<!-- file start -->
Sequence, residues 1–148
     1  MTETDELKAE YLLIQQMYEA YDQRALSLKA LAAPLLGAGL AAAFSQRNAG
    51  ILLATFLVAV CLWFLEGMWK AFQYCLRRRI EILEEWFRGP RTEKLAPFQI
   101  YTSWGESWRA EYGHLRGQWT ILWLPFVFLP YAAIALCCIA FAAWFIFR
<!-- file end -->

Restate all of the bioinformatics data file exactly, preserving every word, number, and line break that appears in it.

Sequence, residues 1–148
     1  MTETDELKAE YLLIQQMYEA YDQRALSLKA LAAPLLGAGL AAAFSQRNAG
    51  ILLATFLVAV CLWFLEGMWK AFQYCLRRRI EILEEWFRGP RTEKLAPFQI
   101  YTSWGESWRA EYGHLRGQWT ILWLPFVFLP YAAIALCCIA FAAWFIFR